Previously on America The Dutiful: Jed convinced a nation full of people that he would protect the American way of life to the best of his ability. And Josh helped! The staff spent the better part of five seasons repeatedly learning that it was not possible to do everything their respective ideologies might dictate, given the limitations of politics and the realities of public opinion. But then they all forgot. Who will be disillusioned tonight?
"Talking Points," says the black screen. We fade up on Josh wearing his newfangled and ill-advised flat hair into the White House, where he runs into Will "The Importance Of Being Tertiary" Bailey. Will turns to follow him, always up for a morning round of blunt exposition. Will congratulates Josh on being made a "trade negotiator," and a distracted Josh insists that it's not such a big deal; as with all negotiations as well as babysitting jobs, the key is to "let them wear themselves out." Will tells Josh that the negotiation site in Brussels is now surrounded by two hundred tractors, presumably being driven by farmers who aren't so hot on the whole global-trade thing, just because they're being driven into poverty and stuff. So selfish, those Belgian farmers. Josh isn't worried about all the tractors, "not being a bale of hay," and he blows Will off by promising to bring him a straw hat, which I guess is some kind of...farmer joke? Belgium joke? I don't know. Maybe I'm missing it; I'm not good at geography, as evidenced by my pub quiz team's recent 3-for-12 performance in the geography round. But anyway, yes, Josh, destitute farmers are amusing. You've got to love the common little agrarians and their quaint ideas about public policy.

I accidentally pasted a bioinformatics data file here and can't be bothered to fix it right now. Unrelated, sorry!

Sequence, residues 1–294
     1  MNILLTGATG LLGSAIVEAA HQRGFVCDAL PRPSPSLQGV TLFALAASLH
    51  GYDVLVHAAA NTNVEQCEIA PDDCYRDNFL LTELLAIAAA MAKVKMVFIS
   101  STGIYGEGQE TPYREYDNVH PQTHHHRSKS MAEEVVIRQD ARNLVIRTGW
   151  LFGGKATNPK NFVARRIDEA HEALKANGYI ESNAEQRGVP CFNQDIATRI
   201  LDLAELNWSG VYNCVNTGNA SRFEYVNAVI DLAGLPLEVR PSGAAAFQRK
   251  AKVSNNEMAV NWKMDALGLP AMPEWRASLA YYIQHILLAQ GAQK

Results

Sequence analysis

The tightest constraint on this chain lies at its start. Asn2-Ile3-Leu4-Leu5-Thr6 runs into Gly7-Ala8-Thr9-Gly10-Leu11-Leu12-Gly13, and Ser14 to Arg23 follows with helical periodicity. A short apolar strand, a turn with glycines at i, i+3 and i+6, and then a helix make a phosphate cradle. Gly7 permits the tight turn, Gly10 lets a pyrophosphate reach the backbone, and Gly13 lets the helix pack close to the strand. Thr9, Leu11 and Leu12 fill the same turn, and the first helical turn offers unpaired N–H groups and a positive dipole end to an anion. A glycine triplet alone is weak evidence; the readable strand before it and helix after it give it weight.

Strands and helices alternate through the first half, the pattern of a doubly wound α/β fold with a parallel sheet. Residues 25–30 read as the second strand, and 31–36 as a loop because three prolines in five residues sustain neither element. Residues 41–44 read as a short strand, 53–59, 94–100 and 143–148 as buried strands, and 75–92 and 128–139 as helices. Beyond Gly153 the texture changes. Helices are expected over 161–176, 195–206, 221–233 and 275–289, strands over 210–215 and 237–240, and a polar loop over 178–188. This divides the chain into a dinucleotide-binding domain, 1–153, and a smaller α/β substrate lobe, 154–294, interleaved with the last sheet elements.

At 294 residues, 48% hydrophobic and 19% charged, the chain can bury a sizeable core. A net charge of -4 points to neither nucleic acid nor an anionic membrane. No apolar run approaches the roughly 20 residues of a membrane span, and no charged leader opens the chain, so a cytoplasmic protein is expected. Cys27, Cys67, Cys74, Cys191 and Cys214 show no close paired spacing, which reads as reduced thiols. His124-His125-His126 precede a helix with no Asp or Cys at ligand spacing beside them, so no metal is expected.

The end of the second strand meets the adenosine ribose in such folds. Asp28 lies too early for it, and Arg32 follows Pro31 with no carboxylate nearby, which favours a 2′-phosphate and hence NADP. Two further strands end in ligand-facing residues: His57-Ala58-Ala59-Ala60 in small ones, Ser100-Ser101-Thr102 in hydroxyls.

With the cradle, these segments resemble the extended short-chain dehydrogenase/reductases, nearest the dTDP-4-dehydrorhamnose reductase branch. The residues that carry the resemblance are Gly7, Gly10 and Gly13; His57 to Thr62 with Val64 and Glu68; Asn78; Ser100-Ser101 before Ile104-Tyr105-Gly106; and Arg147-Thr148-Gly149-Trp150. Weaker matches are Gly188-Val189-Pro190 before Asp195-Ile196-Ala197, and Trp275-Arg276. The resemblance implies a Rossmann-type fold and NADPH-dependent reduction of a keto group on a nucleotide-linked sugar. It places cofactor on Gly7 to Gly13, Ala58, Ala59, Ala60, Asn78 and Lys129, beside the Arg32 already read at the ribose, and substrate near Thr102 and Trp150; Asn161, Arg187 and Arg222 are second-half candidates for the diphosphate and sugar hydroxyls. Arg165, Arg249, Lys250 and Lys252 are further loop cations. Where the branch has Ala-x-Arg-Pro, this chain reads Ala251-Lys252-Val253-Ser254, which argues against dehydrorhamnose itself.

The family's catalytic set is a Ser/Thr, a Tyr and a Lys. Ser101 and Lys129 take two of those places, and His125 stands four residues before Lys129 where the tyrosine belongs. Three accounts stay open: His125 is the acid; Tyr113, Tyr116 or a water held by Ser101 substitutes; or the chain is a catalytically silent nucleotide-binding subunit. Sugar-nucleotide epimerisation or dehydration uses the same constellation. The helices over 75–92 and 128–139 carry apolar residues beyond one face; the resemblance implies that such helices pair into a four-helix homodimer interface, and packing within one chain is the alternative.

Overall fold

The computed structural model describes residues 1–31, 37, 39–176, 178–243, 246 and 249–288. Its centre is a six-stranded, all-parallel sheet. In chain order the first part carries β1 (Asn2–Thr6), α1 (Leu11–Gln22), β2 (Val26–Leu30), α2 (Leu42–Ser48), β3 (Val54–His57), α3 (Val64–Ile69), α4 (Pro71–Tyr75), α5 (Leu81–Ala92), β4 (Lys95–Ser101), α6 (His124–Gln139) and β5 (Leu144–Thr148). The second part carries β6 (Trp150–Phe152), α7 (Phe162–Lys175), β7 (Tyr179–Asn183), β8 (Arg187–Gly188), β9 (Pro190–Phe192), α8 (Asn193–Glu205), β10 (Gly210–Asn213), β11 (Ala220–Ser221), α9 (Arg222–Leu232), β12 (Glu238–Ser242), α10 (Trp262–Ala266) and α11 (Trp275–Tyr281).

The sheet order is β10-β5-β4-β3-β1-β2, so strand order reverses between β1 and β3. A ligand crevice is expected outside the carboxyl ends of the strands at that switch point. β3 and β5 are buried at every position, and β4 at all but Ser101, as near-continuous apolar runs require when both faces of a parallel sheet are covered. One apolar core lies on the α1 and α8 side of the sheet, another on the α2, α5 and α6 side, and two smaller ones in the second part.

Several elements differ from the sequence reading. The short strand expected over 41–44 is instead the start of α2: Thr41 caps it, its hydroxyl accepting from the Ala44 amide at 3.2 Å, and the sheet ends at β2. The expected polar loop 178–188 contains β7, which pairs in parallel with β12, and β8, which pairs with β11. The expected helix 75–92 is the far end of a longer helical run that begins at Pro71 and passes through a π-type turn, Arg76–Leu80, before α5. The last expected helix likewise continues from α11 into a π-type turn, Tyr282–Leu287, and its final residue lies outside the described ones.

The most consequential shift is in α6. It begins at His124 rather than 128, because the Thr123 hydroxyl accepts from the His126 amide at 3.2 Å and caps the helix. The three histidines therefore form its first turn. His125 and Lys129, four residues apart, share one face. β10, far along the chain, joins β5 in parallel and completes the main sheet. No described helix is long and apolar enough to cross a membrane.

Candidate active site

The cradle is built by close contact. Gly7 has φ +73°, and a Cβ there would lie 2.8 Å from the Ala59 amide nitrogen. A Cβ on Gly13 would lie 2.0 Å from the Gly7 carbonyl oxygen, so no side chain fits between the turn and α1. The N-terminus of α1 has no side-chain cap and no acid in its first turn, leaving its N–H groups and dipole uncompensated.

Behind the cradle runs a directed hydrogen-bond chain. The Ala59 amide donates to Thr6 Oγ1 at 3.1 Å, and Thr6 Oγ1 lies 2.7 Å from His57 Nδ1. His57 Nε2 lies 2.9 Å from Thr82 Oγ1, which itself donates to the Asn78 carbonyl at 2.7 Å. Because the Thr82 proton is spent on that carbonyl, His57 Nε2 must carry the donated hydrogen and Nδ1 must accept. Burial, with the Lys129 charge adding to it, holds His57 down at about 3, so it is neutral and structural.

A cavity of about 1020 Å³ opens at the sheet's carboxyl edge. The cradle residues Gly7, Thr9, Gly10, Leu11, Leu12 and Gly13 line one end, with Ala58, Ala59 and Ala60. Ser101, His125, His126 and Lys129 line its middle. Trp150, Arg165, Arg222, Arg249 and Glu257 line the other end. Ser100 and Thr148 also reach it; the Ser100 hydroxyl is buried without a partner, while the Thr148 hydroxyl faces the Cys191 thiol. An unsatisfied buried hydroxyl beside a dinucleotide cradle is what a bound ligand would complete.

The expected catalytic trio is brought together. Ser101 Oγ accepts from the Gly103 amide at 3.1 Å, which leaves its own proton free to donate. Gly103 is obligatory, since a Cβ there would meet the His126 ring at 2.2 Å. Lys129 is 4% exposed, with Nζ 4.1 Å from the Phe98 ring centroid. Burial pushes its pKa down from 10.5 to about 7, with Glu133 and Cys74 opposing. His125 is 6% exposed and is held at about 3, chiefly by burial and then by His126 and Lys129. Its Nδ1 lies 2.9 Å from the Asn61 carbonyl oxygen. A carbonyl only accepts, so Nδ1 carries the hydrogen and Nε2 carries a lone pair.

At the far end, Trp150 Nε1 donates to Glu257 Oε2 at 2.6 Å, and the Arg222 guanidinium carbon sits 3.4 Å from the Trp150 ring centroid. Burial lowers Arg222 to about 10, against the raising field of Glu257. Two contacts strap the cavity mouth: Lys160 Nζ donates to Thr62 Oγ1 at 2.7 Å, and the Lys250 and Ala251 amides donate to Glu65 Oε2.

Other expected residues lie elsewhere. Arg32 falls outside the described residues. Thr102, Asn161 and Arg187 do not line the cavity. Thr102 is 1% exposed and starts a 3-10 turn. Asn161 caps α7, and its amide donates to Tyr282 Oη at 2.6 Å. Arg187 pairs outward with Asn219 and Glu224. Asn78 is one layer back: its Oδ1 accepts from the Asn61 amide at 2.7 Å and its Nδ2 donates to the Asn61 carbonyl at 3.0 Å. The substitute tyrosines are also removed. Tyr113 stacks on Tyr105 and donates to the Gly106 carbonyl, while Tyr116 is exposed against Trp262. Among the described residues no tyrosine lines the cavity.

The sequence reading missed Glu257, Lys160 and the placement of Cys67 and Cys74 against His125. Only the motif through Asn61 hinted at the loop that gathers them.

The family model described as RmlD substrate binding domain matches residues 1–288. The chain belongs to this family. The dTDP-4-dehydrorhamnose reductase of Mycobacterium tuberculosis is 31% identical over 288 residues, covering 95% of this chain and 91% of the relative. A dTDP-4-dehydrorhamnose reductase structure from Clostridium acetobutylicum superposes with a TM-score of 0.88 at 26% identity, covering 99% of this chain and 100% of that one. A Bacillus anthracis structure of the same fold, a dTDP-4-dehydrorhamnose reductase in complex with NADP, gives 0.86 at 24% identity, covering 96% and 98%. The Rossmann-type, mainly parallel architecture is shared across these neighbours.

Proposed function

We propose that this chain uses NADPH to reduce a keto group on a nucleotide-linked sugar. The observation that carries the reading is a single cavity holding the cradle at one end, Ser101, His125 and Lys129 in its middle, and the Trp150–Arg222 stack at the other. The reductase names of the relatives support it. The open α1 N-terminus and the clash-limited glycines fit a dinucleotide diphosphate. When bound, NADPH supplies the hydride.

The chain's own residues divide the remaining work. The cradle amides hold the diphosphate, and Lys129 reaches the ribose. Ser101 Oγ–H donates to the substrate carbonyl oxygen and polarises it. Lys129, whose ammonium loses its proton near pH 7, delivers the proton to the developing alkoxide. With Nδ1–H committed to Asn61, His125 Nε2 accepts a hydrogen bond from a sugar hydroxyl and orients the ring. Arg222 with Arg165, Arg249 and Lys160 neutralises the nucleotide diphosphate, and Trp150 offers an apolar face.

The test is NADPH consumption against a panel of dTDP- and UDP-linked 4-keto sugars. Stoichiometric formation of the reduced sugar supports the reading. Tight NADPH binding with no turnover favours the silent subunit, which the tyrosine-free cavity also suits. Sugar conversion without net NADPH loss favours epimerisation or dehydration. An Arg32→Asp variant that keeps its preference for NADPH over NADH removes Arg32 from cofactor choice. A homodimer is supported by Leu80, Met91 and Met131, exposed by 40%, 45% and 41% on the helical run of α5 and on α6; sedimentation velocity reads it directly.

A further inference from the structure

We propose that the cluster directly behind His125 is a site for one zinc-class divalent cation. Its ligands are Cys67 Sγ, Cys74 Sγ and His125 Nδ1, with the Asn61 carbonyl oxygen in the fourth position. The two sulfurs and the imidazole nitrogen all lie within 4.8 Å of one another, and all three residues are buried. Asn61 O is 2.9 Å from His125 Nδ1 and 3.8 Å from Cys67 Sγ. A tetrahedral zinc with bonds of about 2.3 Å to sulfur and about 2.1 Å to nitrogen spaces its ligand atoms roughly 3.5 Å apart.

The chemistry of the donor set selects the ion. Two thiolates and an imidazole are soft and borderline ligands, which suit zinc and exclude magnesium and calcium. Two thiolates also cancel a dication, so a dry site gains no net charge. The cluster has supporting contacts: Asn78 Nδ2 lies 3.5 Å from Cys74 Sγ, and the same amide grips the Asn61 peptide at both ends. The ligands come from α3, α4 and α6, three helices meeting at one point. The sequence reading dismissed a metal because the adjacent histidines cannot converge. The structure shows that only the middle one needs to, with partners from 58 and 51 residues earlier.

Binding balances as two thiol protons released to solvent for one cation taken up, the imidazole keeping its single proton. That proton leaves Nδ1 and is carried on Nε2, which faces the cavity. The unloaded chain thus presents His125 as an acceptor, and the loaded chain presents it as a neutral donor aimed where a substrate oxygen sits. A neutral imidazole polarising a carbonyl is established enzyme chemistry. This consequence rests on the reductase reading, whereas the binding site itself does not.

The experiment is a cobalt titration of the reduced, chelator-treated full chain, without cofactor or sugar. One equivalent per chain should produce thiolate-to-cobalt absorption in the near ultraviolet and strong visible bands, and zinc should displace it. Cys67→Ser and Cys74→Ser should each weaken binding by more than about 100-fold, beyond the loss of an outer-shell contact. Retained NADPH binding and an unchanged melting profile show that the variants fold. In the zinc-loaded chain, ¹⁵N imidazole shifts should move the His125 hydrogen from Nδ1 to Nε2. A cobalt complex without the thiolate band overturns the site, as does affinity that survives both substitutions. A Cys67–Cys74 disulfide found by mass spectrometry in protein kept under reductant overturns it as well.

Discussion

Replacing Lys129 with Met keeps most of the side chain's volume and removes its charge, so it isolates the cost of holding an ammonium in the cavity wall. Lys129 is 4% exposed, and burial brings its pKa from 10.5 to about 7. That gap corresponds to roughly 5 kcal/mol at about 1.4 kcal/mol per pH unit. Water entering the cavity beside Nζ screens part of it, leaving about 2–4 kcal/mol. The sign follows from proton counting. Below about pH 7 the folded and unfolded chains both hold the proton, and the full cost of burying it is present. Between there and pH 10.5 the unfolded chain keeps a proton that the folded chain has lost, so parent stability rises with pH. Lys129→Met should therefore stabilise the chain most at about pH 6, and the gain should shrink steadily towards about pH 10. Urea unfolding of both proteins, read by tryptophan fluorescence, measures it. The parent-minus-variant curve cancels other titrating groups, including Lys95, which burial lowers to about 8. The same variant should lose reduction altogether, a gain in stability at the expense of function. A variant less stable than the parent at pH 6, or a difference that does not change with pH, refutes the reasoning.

Josh now meets up with Ed and Larry, who tell him that there's a press conference scheduled after the agreement is signed, and that they have a little placard prepared for it -- "Protecting Intellectual Property Through International Copyright Enforcement." Josh tells them they're totally missing the point -- yes, the trade agreement beefs up copyright protection, but free trade creates jobs, you see, and he doesn't want the president's yes-men to veer off course from this critical point and "outsmart [them]selves." He walks away and immediately runs into Donna, who provides a repeat of the tractor count update and informs him that Bill Parsons -- who we will learn is a union representative -- called. Donna returns to the tractor issue and asks what it is that the European farmers are upset about. "That they can't cling to a dying way of life," Josh snots, apparently forgetting that as something of a Luddite who barely cares about technology unless it hits home for him personally (he really is the character equivalent of you-know-who, in that regard), he's hardly in a position to lecture about getting with the modern era. He goes on to talk about how unreasonable the farmers are for fearing a situation in which they have to get office jobs and "wear neckties." Presumably, Josh would be perfectly happy to make an equivalent change in his own way of life by going to work, say, selling funnel cakes at the state fair. Donna tells him that she's heard India is signing on to the trade deal as well. Josh seems confounded, but Donna insists that it's true as far as she knows. He asks her to ask Ed and Larry to find out more about that, and she changes the subject slightly by mentioning that she's brought luggage, too. It seems that Donna wants to go to Brussels, and Josh insists that he's "still working on it," which means that he's doing nothing, as it generally does where advocating for Donna is concerned.